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Ezekiel at the River Chebar

12 Then the spirit lifted me up, and as the glory of the Lord rose from its place, I heard behind me the sound of loud rumbling;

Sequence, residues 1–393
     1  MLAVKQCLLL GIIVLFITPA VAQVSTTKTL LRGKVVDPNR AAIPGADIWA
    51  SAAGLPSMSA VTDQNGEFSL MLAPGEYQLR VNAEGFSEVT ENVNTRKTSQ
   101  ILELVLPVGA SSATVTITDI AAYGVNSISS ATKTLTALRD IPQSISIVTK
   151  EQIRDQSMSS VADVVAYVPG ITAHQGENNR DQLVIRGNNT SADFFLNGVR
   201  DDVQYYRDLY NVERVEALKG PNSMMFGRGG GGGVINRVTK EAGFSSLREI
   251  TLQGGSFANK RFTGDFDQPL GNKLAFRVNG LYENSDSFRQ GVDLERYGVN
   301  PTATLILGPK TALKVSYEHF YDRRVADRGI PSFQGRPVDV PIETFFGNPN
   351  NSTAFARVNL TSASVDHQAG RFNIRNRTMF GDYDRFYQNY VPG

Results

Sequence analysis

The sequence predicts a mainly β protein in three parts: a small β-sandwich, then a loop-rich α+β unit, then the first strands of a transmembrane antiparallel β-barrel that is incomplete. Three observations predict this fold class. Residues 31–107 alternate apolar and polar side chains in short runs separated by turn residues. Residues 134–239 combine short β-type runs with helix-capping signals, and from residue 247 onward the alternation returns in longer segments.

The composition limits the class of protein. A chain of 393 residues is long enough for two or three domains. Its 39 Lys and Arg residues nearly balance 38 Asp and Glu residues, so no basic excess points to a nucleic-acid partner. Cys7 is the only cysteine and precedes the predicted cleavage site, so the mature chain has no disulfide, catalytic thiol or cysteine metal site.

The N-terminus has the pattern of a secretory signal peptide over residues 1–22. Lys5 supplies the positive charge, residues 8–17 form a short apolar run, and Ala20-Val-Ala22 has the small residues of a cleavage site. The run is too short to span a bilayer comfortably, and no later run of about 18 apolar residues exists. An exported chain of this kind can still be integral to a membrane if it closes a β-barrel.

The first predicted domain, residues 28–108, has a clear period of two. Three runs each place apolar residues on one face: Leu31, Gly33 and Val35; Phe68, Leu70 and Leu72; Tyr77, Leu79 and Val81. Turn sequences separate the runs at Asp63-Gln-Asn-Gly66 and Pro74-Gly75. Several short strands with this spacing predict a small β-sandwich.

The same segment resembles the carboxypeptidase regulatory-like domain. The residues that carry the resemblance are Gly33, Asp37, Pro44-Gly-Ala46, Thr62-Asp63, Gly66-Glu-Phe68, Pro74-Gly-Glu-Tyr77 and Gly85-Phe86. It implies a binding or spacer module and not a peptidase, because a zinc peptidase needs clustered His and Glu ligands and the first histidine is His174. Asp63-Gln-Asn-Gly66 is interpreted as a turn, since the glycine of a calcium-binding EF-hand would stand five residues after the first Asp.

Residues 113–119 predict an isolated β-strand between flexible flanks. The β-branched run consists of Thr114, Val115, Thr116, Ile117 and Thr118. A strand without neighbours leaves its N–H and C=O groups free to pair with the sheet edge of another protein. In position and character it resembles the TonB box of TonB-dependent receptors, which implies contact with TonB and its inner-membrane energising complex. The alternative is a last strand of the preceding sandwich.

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12. (Ac 8:39). Ezekiel's abode heretofore had not been the most suitable for his work. He, therefore, is guided by the Spirit to Tel-Abib, the chief town of the Jewish colony of captives: there he sat on the ground, "the throne of the miserable" (Ezr 9:3; La 1:1-3), seven days, the usual period for manifesting deep grief (Job 2:13; see Ps 137:1), thus winning their confidence by sympathy in their sorrow. He is accompanied by the cherubim which had been manifested at Chebar (Eze 1:3, 4), after their departure from Jerusalem. They now are heard moving with the "voice of a great rushing (compare Ac 2:2), saying, Blessed be the glory of the Lord from His place," that is, moving from the place in which it had been at Chebar, to accompany Ezekiel to his new destination (Eze 9:3); or, "from His place" may rather mean, in His place and manifested "from" it. Though God may seem to have forsaken His temple, He is still in it and will restore His people to it. His glory is "blessed," in opposition to those Jews who spoke evil of Him, as if He had been unjustly rigorous towards their nation [Calvin].




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